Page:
• Through the eyes of the regular working class “oh shit, our jobs are being taken by perfect, compliant, sophisticated automatons – they won’t need us anymore. May as well add to the chaos and watch the world burn.”
  • Via the prism of the chattering classes, signalling our high moral standards to our equally woke peers while judging and public shaming anyone who isn’t presenting themselves as perfect, compliant, sophisticated automatons.
  • Through the lense of the prepping conspiratorial crowd. Some of them don’t look as silly now to be honest. Personally I wish I hoarded more sensitive toothpaste when it was on special back in February.
  • From the point of view of a New Age pundit where this may well be the start of a fundamental change in collective human consciousness leading to the birth of a higher evolved version of humanity.
  • From the narrow world view of fundamentalist Christianity (among other absolutest religions). Though this particular plague doesn’t line up with anything described in Revelations. It’s probably just your bog-standard beginning-of-sorrows type of smiting.

You can see why it’s all just a little exausting yeah?

But hey thanks for stopping by. Sorry about all this. You’re now free to go stream yourself silly. Whatever gets you through isolation – no judgement here.

In conclusion I haven’t a clue how things will pan out but it’s comforting when we remember it was plagues that swept away the dark ages and ushered in The Renaissance.

Renée

PS: Renaissance literally means rebirth and Renée literally means reborn.

Addendum: I did actually jump on-board a friend’s stream where, without utterance, he paddled his kayak out into the centre of a large lake to watch the sun go down. It was an incredible meditative online offering, very soothing and unhurried with the only sonance to disturb the sound of soft lapping water being some sporadic coughing after our kayaker lit a fat one.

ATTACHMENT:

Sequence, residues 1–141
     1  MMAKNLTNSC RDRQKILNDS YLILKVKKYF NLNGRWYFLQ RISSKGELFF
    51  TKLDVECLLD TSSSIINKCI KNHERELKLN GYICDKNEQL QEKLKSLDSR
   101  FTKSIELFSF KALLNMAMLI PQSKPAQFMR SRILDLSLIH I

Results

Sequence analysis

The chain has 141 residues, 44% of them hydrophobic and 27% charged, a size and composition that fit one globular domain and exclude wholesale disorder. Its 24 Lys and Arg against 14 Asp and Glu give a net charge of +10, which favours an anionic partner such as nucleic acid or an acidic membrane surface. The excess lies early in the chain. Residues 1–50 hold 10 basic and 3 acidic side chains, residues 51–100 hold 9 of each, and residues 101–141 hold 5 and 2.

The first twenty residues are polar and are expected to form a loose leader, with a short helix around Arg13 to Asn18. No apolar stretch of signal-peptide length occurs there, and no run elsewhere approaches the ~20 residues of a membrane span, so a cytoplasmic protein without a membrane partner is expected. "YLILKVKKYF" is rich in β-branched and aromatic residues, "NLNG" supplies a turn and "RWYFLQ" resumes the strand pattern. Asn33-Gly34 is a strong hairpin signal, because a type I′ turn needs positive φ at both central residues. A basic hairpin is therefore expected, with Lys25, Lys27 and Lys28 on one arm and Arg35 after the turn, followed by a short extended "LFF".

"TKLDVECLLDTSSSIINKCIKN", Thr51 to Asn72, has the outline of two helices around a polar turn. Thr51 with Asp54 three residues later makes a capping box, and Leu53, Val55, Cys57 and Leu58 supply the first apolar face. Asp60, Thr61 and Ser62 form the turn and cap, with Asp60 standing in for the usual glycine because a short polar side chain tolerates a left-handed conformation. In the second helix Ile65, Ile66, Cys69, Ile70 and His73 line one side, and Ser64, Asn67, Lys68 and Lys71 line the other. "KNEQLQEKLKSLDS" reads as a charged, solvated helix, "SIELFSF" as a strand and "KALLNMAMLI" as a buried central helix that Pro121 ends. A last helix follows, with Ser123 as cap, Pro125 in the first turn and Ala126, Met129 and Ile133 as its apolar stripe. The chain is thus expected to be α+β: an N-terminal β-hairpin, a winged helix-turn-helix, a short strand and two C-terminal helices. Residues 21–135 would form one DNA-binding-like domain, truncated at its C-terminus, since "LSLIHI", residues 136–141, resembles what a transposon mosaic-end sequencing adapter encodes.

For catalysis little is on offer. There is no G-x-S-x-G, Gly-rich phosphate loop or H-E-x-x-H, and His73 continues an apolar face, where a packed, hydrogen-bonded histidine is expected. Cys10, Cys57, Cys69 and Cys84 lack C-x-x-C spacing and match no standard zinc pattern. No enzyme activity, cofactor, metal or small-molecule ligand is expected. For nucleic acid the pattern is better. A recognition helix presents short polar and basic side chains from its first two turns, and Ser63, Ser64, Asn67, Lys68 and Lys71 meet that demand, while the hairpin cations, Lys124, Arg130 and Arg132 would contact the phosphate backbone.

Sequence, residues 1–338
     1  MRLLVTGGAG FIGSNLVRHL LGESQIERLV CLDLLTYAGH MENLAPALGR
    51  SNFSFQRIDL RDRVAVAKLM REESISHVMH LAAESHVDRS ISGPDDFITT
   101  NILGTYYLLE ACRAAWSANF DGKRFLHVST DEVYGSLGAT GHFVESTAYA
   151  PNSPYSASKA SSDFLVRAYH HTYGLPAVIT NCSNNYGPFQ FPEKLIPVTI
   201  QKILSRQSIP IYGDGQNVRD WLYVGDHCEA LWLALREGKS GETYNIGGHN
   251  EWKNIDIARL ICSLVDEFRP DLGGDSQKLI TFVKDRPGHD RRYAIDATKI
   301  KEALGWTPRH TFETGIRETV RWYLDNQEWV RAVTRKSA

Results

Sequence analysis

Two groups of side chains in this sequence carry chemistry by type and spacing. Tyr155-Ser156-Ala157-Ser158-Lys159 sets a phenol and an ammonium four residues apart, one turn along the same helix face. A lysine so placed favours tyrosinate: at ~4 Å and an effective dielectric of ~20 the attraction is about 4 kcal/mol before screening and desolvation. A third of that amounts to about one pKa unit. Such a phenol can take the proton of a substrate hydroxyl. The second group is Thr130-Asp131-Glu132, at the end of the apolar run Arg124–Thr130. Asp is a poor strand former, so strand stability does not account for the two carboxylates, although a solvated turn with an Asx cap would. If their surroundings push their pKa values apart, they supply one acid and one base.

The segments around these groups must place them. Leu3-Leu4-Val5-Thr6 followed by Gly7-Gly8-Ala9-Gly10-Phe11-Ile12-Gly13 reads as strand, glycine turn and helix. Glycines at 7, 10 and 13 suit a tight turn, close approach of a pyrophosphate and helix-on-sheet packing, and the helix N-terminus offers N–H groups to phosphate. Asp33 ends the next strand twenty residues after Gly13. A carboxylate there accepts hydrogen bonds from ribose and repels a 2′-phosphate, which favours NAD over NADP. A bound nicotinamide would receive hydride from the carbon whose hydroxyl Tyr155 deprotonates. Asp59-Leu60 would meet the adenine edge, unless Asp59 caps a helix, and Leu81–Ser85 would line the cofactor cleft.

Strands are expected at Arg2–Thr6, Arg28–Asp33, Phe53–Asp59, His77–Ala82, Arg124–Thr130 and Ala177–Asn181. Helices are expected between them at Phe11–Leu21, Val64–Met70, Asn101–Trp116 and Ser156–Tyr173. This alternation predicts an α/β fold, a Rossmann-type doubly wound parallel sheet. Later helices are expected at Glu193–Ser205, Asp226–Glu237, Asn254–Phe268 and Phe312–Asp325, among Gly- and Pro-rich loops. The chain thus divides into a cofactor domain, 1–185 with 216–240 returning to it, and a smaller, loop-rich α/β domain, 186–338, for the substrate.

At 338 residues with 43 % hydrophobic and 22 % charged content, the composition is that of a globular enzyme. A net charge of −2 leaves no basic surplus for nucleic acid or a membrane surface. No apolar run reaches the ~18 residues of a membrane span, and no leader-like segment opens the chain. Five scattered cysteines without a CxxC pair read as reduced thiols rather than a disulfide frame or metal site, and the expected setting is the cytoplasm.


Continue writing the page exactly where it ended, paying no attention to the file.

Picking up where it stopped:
Rock on

It’s a brand new decennium and 2020 paves the way for new beginnings with the first MAVA exhibition for the year – Passage of Time.

Showing 3-16 February at AGRA Galleries in Camberwell. Official opening celebrations are being held Saturday 8 February from 2pm.

On hearing the theme my mind started spinning with ideas of patina, millennia, erosion, eons, layers and geology.

How could I not utilise some of the curious images I captured on a recent trip to Sydney?

One of the main reasons for the hike to the harbour city was to catch Sculpture by the Sea.

An installation of dozens of creations by local and international artists, all with varying levels of weather resistance set against the backdrop of beautiful Bondi Beach with it’s pristine foreshore, sea breezes and rock formations.

It’s well known that Melbourne goes bananas for bluestone and Sydney shares a similar sentiment for their signature sediment – sandstone.

Millions of years ago erosion of mountains in Antarctica produced vast quantities of sand which was carried by a river system to southern Australia until it reached the east coast eventually ending up in the Sydney Basin where it consolidated to form Hawkesbury Sandstone.

Unfortunately I completely missed most of the man made installations at Bondi’s famous pop up sculpture park because I was too distracted by the nearby Hawkesbury Sandstone formations. I spent the afternoon studying all the swirls, crags and crevices until the sun disappeared and my partner and poodle had to come find me.

Nature trumps art for me every time.

Back home armed with a jam packed SD card I thought I’d have something sorted in a jiffy for the exhibition, but it took a good chunk out of four whole days to find and process the right image for my contribution to Passage of Time.

Virtually indestructible “Sandblasted” is a heat pressed dye-sublimation photograph on 20″ x 30″ aluminium which unlike the rockface it’s depicting is guaranteed never show it’s age.

A fraction of the final image is posted here.

I hope you take a moment to see the big picture for yourself.

Until next time